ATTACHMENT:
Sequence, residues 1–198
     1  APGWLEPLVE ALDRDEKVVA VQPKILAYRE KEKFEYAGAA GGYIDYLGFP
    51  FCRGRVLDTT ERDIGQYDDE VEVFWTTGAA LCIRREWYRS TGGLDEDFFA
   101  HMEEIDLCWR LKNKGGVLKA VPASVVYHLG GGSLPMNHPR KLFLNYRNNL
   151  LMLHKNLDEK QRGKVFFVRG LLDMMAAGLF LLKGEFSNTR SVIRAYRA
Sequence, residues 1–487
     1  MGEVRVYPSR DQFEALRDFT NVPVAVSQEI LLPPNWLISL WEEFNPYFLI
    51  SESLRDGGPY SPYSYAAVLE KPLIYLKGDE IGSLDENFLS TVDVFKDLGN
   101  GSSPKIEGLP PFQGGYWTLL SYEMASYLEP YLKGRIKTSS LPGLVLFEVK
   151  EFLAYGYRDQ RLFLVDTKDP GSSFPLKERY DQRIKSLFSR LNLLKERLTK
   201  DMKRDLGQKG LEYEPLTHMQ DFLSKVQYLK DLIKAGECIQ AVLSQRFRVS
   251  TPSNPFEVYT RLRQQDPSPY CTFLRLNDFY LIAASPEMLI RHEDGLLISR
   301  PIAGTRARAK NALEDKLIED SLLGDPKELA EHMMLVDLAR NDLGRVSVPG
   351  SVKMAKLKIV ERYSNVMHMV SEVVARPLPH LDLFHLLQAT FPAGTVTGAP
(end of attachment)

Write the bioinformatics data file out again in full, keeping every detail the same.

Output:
Sequence, residues 1–198
     1  APGWLEPLVE ALDRDEKVVA VQPKILAYRE KEKFEYAGAA GGYIDYLGFP
    51  FCRGRVLDTT ERDIGQYDDE VEVFWTTGAA LCIRREWYRS TGGLDEDFFA
   101  HMEEIDLCWR LKNKGGVLKA VPASVVYHLG GGSLPMNHPR KLFLNYRNNL
   151  LMLHKNLDEK QRGKVFFVRG LLDMMAAGLF LLKGEFSNTR SVIRAYRA
Sequence, residues 1–487
     1  MGEVRVYPSR DQFEALRDFT NVPVAVSQEI LLPPNWLISL WEEFNPYFLI
    51  SESLRDGGPY SPYSYAAVLE KPLIYLKGDE IGSLDENFLS TVDVFKDLGN
   101  GSSPKIEGLP PFQGGYWTLL SYEMASYLEP YLKGRIKTSS LPGLVLFEVK
   151  EFLAYGYRDQ RLFLVDTKDP GSSFPLKERY DQRIKSLFSR LNLLKERLTK
   201  DMKRDLGQKG LEYEPLTHMQ DFLSKVQYLK DLIKAGECIQ AVLSQRFRVS
   251  TPSNPFEVYT RLRQQDPSPY CTFLRLNDFY LIAASPEMLI RHEDGLLISR
   301  PIAGTRARAK NALEDKLIED SLLGDPKELA EHMMLVDLAR NDLGRVSVPG
   351  SVKMAKLKIV ERYSNVMHMV SEVVARPLPH LDLFHLLQAT FPAGTVTGAP